you she is quiet, but we do know her. so take it vice
versa, please. All success Catherine H.
RUTH JONES Nanticoke, Pa.
Emersonian Society; Glee Club.
This is Ruth, the optimistic, the happy-go-lucky,
the ever cheerful "Reddy." She is blessed with a
crowning- abundance of fluffy red gold hair and a
disposition bubbling over with good fun. We think
Ruth might be a succcess as an osteopath, judging
from some of her demonstrations. Being a "good
kidder" she is liked in both "Dorms"; she dances, she
plays tennis, she does everything a healthy
"Normalite" should. By the way, when she came
she was a most demure little thing; queer isn't it,
how things change ? Altogether, a more agreeable
soit of lassie would be hard to find.
FAYE JEFFERSON Laquin, Pa.
Black eyes! Black curly hair! A very small
person! She's full of life and sparkle. She is also
a very good student, really studying, but from this
do not gather that she is a grind, for such is not the
case. We rather think she finds boys rather
attractive, judging from certain things we have
observed, but she hasn't let them interfere with her
peace of mind during her stay here. She likes the
funny side of life and always manages to have a
pretty good time. Her many friends say, "Good
luck 'Jeffy!' "
JOSEPH F. JOYCE Rendham, Pa.
Dance Committee; Varsity Football, Basketball;
Vice-President of Senior Class; Glee Club.
He came from "Bloom" to us, and it was a very
good change, for "Bloom" wasn't half good enough
for him. However, tho he's a "hustler" in every other
lespect, our Joseph would "rather sleep than eat,"
consequently the dining room doors frequently close
before his very face. We fear he keeps late hours
because of late we have noticed queer far-a-way
expressions hovering over his face; perhaps,
however, it comes from his thorough and most
ardent study of the Book of Samuel. We wonder!
He's a champion tennis player. Good luck, Joe!
MARTHA JAQUISH Mansfield, Pa.
Her cheeks are red, and her hair is black and her
eyes — oh her eyes! They snap sparks at you!
Needless to say you know f 1 om this that she is "full
of the very dickens," also we wish to add that she
is the only sister her seven brothers have; so she
hasn't been spoiled. She's a wonderful cook and
she's great for argument. She's going- to be a
doctor, yes she really is, and we bet she makes
folks sit up and take notice as well as medicine.
HAZEL JONES Morris Run, Pa.
Here's a red-haired lassie, whose temper isn't a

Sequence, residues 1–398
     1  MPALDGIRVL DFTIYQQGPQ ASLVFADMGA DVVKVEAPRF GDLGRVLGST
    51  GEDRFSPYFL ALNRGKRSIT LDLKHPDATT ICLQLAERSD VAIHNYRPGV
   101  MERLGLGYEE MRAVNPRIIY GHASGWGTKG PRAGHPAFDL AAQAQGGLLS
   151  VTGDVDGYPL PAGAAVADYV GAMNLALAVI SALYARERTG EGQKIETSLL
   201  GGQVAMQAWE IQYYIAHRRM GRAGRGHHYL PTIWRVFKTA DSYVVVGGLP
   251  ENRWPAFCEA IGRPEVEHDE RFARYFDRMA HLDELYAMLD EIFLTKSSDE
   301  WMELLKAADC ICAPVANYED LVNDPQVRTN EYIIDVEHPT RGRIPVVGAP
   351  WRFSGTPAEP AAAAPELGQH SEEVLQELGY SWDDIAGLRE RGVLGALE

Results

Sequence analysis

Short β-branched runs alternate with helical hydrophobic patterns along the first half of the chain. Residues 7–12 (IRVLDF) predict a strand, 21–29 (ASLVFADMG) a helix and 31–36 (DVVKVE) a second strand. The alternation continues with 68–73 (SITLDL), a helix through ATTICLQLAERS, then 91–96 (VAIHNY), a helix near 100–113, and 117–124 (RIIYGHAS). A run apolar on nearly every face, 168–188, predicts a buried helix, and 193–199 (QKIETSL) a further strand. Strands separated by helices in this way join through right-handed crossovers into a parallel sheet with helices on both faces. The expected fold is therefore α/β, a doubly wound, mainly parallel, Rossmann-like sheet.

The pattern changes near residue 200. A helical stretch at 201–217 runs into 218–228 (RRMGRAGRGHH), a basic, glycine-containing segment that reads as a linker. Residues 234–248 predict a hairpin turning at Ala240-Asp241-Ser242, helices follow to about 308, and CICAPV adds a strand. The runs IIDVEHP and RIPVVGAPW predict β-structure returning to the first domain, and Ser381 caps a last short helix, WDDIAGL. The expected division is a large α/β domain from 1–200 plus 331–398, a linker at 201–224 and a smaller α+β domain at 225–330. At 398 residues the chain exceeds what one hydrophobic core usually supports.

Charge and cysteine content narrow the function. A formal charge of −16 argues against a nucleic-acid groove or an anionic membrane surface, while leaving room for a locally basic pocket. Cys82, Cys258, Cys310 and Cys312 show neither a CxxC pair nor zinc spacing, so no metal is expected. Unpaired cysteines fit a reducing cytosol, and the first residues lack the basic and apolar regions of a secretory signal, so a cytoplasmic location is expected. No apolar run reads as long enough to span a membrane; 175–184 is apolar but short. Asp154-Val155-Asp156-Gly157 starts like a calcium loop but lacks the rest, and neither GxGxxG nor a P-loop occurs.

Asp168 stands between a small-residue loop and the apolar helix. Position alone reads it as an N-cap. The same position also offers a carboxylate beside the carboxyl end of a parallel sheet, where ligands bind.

bit troublesome. Her eyes are blue as blue! We
like Hazel very much, because while she's funny a"d
full of life and mischievous, she has a great dea! of
good common sense and a sense of humour that
keeps the blue devils away fom all of us. She is a
very bright sort of person, too, and standi high i
her classes. People find her very agreeable, and
vice versa. By the way, Hazel finds boys to be v.ice
little animals, but more of a curiosity than any
CHARLES JOYCE Old Forge, Pa.
Varsity Football; Scrub Basketball.
He's a football man! A dauntless, daring football
man! Well do we remember how he starred in the
game with "Bloom" at Wilkes-Barre! Plenty of grit
and deteimination are his. He has also a great gift
— a gift from — well opinions differ, so we won't
commit ourselves, but those who hear him sweetly
warbling that pathetic ditty entitled "The Rock,"
know what we mean. He's fond of hiking, so very
fond indeed, that once "Daddy" chose him to walk to
Canoe Camp one night after school. He's a good
"stude" but never caught grinding. Good luck,
MARY R. JONES Wilkes-Barre, Pa.
Here is the face of Mary R —
Looks like a talker? Right you are!
She begins with the rising morning sun,
And when it sets she isn't done.
A little excitement in the land ?
Mary's sure to be on hand —
To cook and sew is Mary's aim —
And may "Dom" Science bring her fame!
HELEN JONES Troy, Pa.
Here is another shining light from Bradford
county, and right here we do declare to all who read,
that she can shine! We still remember a certain
Chemistry class of our Junior year and we have
visions of a Physics class and brilliant recitations
of this, our Senior year. Her one besetting sin is
an unconquerable desire to talk to a sleepy
roommate after "lights out." She studies, but she
is not a grind, far from it. She has a great amount
of common sense and "pep" and a cheerful
disposition. We like you, Helen!